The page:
The background: In 2001 Mr K had entered into a five-year
contract with the retailer for the supply of electricity. The Energy
Retail Code applies to customers who consume less than 160MWh per year.
As Mr K’s company consumes more than 160MWh per year it is the terms of
the contract that determine the rights and obligations of both parties
rather than the Code.
Peak consumption not registered: As part of the investigation
EIOSA found that an internal audit process carried out in 2004 by the
retailer identified that the peak register on the business’s meter had
not been registering peak consumption since April 2001.The retailer
raised a service order with the electricity distributor and a faulty
time switch was replaced in July 2004.
Legal advice sought: The distributor also provided the retailer
with the billing adjustments necessary back to April 2001 to charge for
the electricity used. EIOSA obtained independent legal advice as to
whether the company was contractually liable to pay the back-bill.
Retailer had right to charge something: The advice stated that
as a basic principle customers are obliged to pay for electricity
consumed as determined by the metering equipment and at the rate agreed
to in the contract. Furthermore the failure of metering equipment does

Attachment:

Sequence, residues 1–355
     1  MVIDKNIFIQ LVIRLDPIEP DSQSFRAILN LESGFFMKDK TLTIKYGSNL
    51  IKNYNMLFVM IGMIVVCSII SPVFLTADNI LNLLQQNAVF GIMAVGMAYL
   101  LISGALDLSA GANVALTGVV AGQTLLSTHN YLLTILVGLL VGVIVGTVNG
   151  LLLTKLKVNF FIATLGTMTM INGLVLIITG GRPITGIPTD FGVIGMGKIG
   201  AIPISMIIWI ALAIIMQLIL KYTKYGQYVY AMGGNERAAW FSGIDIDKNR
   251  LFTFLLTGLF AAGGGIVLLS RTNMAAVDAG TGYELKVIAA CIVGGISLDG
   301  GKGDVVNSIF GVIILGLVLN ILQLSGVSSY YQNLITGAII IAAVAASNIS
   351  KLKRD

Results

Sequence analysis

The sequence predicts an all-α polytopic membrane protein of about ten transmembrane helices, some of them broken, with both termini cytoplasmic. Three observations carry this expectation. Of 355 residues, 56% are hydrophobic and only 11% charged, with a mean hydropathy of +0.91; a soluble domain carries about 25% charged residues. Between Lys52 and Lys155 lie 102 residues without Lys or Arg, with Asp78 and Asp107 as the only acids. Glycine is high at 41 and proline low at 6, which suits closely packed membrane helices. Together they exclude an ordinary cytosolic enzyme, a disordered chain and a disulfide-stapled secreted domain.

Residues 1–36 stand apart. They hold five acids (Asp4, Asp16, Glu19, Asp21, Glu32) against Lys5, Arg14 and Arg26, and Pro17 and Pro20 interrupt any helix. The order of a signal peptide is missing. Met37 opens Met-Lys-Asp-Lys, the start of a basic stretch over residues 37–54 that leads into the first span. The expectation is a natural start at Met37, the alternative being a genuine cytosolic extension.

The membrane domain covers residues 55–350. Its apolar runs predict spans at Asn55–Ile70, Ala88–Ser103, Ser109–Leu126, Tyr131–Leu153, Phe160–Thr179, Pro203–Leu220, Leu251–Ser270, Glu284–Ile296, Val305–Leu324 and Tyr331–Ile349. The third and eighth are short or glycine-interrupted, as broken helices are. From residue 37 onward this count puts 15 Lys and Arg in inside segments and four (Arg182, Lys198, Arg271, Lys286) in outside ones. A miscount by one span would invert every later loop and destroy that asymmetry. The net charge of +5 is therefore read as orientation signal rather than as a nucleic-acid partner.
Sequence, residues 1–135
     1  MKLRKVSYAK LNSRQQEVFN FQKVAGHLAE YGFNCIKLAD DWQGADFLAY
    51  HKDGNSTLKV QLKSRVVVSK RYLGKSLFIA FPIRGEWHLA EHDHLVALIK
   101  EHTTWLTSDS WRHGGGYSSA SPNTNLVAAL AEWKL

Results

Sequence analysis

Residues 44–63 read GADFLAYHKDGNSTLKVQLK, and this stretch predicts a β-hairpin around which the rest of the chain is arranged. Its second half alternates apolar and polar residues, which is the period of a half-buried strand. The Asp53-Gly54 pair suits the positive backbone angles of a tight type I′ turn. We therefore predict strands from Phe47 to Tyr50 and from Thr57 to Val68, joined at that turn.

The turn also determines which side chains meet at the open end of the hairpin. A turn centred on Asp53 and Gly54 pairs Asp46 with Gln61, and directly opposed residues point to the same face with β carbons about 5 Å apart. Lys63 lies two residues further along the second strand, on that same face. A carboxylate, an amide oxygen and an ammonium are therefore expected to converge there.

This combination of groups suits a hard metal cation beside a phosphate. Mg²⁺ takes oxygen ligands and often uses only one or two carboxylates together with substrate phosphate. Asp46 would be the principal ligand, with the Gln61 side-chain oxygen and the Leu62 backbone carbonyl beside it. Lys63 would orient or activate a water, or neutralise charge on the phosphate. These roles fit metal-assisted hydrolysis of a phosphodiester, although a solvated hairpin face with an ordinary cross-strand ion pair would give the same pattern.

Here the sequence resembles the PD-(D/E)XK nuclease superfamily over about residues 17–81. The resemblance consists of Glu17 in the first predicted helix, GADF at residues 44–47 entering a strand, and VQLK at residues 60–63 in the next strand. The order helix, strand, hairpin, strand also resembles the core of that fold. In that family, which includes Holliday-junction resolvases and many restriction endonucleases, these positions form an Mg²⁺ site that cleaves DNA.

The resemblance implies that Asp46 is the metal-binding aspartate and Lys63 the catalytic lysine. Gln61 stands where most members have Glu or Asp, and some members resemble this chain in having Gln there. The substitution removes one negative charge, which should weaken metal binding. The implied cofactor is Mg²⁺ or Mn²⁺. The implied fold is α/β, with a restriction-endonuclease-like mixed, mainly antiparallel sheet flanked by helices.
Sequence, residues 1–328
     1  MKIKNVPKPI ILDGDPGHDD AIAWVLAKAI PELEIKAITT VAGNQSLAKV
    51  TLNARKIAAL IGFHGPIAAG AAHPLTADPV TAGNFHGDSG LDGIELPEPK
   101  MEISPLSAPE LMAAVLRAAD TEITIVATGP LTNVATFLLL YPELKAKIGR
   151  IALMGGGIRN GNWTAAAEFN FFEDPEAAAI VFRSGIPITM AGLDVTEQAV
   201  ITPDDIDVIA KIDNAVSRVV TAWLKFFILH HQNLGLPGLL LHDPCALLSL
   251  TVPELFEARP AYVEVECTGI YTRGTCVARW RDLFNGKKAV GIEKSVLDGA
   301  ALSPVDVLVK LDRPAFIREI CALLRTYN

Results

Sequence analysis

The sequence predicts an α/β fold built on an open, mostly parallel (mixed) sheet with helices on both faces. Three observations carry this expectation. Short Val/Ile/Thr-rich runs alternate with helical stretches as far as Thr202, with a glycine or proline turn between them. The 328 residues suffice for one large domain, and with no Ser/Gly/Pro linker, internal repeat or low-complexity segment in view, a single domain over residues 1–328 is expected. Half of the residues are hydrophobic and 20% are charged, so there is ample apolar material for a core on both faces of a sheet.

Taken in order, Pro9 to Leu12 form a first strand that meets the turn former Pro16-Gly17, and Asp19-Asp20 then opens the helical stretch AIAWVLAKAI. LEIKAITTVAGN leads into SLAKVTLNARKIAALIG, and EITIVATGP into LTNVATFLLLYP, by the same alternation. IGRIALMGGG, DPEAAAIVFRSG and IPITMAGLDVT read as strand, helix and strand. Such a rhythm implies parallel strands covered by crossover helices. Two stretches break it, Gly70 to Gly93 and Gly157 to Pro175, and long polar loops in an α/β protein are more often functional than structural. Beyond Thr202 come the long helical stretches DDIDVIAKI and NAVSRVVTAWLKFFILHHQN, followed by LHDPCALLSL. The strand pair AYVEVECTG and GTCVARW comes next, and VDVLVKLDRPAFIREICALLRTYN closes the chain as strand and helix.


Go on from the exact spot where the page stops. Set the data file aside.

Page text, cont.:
not preclude an electricity retailer for billing for electricity
consumed but not recorded as long as the retailer can determine by
reasonable means the quantity of electricity used but not recorded.
Time-to-pay also in dispute: In the previous discussions between
the retailer and Mr K the retailer offered a twelve-month period to pay
the back-bill. Mr K was not satisfied with this.
EIOSA’s concern: Although the independent legal advice confirmed
that the retailer was entitled to payment for this back-bill, EIOSA had
concerns about the length of time it had taken the retailer to identify
the problem and advise Mr K’s company.
Bill cut by more than $10,000: As a result of discussions
between Ombudsman and the retailer, the retailer agreed to reduce the
back-bill by $10,300. In addition, because of the significant impact of
such a debt the retailer agreed to negotiate fair and reasonable
repayment terms taking into account the company’s financial
circumstances and capacity to pay.
Time-to-pay terms agreed: EIOSA advised Mr K that if he was not
satisfied with the repayment terms he could contact this office again.
This was not required as terms were agreed.
Reference: Energy Industry Ombudsman SA Annual Report 2004-05.
Erisk Net, 6/12/2005